dnavid Re:A possum playing possum (270 comments)

This would happen to any group that gains market control. IBM, Microsoft, Apple...

Maybe, but not all companies are actually trying to gain monopolistic control of a major chunk of the computing market like Microsoft has always tried to do and has actually had in the past. Apple, for example, would love to own everything everywhere, but they clearly have not even the desire to do what would be necessary to gain the same control over the PC space as Microsoft once had, and has shown no willingness to compete head-on with Android for the entire smartphone space. Apple wants to make a ton of money being a boutique supplier of consumer computing for the most part. No matter how powerful Apple becomes, they have not shown an interest in parlaying that power into becoming a market monopolizer.

But Microsoft has that desire *and* willingness written in their DNA. And its unclear to me if they have really changed that overall stance, or are just making concessions in the spaces they know they've permanently lost the ability to gain that market control and are trying to refocus on regaining it elsewhere, such as in Azure and their other cloud endeavors where its still up for grabs. The article says Microsoft recognizes that consumers "hate ecosystems" yet most of their efforts have been to try to replicate the ecosystems that Apple and Google/Android have created. Their unified kernel work has only re-solidified their long-time "Windows everywhere" strategy which hurt them over the last fifteen years.

Microsoft's history compels people to be skeptical of any public appearance of compromise or capitulation to outside forces. Apple has no glory-days of market dominance to reminisce about and strive to recapture. Few people left alive can remember when that was true for IBM. But for Microsoft that happened during the watch of its current chief technology advisor and continued under its previous chairman. The bad old days of Microsoft were almost literally yesterday. Microsoft is going to have to do a lot more for a lot longer before it convinces even its moderate skeptics its a changed company.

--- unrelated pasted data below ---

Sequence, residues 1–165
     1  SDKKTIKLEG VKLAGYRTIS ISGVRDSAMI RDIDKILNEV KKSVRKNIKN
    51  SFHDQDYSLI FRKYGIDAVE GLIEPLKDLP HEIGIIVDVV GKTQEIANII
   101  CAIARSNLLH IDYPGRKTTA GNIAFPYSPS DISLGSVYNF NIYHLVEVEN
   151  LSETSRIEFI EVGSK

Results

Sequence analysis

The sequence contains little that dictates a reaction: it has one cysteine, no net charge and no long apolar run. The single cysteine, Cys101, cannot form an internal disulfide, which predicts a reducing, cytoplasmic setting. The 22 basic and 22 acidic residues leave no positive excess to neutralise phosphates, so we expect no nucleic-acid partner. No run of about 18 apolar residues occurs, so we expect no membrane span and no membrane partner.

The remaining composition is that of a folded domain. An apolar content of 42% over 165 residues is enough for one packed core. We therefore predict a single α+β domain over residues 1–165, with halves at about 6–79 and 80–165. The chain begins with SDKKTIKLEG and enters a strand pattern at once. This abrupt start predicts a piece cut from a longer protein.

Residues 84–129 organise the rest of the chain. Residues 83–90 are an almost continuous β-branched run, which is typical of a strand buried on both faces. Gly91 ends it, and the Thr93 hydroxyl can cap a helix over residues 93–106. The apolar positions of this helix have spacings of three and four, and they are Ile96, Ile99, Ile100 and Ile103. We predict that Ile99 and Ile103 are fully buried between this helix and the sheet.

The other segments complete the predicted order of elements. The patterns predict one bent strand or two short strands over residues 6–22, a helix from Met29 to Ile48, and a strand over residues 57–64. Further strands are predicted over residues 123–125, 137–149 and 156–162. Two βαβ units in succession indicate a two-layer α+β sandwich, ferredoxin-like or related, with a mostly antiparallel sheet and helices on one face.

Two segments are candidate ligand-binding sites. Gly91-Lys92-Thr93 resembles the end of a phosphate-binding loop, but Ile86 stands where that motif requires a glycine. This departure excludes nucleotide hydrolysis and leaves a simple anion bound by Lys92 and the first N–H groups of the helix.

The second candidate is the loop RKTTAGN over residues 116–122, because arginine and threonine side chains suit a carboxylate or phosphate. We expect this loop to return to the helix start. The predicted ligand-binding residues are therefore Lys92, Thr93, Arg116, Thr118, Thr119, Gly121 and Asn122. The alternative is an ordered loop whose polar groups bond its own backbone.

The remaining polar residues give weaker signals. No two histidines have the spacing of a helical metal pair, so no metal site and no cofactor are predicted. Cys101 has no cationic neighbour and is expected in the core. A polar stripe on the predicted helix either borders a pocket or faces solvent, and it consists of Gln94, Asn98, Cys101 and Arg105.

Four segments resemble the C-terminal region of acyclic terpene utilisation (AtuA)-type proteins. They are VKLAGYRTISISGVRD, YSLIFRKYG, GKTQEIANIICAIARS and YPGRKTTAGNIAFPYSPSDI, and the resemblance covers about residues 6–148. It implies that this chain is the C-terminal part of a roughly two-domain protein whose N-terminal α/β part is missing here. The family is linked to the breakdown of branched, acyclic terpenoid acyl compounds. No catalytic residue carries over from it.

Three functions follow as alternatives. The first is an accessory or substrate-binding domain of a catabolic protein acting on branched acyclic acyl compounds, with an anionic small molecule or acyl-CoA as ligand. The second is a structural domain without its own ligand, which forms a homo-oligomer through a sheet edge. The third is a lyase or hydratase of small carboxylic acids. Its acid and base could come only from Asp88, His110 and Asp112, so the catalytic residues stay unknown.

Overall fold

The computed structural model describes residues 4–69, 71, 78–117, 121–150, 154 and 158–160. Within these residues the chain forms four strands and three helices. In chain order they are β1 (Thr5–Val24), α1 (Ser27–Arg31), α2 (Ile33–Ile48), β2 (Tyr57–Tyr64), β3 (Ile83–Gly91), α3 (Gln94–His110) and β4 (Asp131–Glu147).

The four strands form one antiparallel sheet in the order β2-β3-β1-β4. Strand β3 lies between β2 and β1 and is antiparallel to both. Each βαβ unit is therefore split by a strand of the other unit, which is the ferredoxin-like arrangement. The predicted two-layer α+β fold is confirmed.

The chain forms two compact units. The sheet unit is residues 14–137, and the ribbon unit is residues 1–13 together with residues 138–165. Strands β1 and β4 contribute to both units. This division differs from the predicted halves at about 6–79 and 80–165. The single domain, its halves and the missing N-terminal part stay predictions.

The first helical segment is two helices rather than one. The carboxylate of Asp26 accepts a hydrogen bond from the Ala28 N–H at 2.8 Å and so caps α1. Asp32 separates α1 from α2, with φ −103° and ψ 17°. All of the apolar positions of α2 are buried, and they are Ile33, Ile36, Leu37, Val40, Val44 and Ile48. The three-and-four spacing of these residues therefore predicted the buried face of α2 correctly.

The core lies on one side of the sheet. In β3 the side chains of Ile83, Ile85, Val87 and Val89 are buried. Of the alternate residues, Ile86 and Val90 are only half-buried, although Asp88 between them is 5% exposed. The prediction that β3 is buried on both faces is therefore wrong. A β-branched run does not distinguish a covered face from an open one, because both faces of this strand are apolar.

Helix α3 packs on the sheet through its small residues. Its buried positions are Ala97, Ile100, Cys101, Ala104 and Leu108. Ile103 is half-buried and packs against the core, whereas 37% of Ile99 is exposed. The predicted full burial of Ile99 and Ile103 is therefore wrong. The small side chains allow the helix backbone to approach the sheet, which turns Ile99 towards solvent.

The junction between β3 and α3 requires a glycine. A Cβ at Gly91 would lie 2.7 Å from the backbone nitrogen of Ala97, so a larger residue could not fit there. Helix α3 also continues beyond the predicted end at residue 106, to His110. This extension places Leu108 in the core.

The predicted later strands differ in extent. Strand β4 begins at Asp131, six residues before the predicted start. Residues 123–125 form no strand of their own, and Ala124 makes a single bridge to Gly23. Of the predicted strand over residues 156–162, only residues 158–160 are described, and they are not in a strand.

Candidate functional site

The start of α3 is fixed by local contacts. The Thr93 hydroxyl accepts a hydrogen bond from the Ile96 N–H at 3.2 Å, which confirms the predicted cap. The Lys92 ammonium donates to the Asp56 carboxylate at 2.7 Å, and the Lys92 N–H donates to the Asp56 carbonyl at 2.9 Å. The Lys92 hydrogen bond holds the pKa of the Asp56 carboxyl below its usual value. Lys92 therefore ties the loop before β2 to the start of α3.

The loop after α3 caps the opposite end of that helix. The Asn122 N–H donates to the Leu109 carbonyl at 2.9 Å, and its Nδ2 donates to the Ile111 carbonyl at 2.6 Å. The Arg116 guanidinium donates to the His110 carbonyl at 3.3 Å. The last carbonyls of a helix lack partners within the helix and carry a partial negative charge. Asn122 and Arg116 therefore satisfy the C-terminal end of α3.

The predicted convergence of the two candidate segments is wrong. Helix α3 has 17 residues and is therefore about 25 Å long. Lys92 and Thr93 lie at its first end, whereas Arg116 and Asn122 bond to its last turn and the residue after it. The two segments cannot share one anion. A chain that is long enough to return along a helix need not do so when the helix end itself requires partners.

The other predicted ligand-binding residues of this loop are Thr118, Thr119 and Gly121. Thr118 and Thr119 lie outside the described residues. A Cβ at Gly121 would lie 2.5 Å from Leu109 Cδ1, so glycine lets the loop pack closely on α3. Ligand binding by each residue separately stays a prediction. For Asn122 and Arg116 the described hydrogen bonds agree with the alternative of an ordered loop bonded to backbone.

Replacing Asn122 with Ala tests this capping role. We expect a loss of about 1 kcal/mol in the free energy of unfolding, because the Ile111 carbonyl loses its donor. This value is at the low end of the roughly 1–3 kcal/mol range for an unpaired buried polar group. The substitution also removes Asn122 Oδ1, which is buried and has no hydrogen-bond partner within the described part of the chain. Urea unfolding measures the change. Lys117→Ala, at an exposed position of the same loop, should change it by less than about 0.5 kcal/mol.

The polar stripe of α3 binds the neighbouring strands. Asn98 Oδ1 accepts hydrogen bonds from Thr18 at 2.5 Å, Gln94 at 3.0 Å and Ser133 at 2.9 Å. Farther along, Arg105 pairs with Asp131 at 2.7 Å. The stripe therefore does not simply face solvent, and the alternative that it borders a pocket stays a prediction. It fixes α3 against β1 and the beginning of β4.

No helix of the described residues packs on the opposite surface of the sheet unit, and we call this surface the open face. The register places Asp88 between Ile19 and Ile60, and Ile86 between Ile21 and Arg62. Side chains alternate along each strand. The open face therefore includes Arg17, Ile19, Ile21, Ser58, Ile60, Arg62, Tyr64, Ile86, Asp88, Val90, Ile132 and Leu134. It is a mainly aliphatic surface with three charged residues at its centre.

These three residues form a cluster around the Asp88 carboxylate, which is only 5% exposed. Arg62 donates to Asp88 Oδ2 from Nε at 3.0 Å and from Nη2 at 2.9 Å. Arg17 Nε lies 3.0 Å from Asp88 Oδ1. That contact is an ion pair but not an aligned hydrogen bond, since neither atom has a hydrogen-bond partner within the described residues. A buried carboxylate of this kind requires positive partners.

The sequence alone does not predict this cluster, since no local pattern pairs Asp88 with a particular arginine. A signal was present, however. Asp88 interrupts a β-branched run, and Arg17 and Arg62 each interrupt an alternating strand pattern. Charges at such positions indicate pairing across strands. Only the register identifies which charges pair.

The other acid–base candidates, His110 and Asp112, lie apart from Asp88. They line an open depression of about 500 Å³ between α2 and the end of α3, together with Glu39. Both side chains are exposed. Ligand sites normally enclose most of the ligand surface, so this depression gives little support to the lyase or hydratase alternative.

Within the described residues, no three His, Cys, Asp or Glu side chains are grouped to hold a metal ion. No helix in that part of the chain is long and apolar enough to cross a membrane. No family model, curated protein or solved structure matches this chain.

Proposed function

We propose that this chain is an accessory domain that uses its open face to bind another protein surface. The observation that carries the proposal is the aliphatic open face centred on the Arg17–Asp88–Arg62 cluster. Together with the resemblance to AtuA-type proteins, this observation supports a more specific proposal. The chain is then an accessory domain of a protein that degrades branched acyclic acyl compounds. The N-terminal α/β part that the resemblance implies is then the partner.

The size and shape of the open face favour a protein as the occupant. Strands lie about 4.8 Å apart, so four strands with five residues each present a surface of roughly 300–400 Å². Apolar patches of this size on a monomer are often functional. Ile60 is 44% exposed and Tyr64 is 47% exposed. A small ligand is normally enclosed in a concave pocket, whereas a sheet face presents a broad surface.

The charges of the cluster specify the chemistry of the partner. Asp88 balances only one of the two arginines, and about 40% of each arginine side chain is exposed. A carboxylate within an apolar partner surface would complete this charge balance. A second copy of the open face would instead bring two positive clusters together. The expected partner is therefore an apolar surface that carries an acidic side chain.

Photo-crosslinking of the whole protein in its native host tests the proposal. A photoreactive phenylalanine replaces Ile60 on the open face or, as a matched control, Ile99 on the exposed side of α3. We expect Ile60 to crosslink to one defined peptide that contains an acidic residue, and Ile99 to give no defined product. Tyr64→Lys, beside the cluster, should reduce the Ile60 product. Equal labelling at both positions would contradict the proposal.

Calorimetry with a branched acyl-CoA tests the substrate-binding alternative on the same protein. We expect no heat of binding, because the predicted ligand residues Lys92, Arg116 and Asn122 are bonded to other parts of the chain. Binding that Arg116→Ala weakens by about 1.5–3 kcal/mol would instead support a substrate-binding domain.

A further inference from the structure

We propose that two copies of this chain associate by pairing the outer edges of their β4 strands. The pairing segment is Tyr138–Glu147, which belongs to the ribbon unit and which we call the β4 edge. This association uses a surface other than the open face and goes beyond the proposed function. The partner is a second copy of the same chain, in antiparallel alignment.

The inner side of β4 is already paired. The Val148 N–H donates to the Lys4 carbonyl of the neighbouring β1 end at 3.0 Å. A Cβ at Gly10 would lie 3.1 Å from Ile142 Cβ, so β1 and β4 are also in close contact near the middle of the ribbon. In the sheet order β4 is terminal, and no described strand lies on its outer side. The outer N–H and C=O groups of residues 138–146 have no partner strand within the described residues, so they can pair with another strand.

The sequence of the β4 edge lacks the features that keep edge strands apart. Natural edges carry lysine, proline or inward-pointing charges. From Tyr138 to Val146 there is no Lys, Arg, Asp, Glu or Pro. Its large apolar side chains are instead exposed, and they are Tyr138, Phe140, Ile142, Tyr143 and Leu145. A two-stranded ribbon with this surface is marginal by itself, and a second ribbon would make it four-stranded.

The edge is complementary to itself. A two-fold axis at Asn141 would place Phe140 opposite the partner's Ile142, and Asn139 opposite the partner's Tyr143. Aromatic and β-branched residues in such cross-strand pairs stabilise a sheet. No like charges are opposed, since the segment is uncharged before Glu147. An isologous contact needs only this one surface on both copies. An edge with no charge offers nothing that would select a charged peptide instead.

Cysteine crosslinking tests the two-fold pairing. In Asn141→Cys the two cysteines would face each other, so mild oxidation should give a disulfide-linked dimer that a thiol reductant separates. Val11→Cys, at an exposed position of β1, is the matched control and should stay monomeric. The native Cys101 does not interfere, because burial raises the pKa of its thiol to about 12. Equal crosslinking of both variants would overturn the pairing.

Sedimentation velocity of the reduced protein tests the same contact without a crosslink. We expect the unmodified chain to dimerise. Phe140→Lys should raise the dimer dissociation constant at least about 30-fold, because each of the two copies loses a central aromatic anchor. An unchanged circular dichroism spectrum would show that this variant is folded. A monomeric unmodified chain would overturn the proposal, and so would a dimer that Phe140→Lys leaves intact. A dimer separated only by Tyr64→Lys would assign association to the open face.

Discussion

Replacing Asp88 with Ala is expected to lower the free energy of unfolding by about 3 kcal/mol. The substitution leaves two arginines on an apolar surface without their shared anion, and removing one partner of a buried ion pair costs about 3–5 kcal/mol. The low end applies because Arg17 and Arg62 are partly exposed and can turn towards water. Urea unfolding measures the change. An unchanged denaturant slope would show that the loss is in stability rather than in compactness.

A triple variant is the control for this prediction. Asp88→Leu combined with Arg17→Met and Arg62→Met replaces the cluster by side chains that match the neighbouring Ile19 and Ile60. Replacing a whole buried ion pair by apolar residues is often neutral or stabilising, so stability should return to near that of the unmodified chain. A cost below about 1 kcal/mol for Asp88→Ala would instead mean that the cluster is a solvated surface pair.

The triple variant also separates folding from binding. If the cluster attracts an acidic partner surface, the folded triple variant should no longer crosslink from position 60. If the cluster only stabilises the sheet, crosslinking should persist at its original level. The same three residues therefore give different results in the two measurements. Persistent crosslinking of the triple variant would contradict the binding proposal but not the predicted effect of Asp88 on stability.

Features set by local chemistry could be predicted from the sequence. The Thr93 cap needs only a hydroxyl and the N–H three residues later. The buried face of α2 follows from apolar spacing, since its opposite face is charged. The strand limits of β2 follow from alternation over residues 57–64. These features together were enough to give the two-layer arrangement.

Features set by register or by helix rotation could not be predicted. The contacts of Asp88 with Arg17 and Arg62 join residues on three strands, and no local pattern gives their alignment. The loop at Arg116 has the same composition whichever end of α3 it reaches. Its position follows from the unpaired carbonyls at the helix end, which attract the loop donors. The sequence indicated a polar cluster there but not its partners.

Quite recently a Microsoft engineer did an interview where he stated that the reason why Windows 8 took the Win7 start bar and other conventions away was NOT because the Win8 interface was objectively better - which was Microsoft's previous story - but because they wanted to compel its customers to learn to use it to break the cycle of dependence people had for Win7, and the intention was ALWAYS to add those features back. It says more about Microsoft that they believed anyone would believe that, than it says about what Microsoft's actual internal strategy was.

The day Microsoft says, about any significant decision they've made, that they made a choice that was best for their strategic vision and that decision was wrong because it turned out to be not in the best interests of their customers and they are reversing it in the interests of their customers, then I might start to soften up on Microsoft. Other companies have done that: Intel eventually admitted they were wrong to downplay the Pentium round off bug and offered customers a no-questions asked return option. Tim Cook actually suggested to Apple customers in his formal apology for the poor performance of Maps that they could use competitors in place of Maps until Maps' issues were addressed, which for Apple is the equivalent of falling on your sword onto another sword. Microsoft never really apologizes for anything: not even when Vista being a disaster was a foregone conclusion did they ever admit they did anything wrong. The closest to that we ever got was after Balmer retired, when he admitted that Vista was one of his biggest mistakes, and even then he seemed more regretful about the Microsoft resources developing Vista tied up than the impact on customers. They still won't admit removing the Win7 interface was a mistake, even though it was obviously a huge mistake.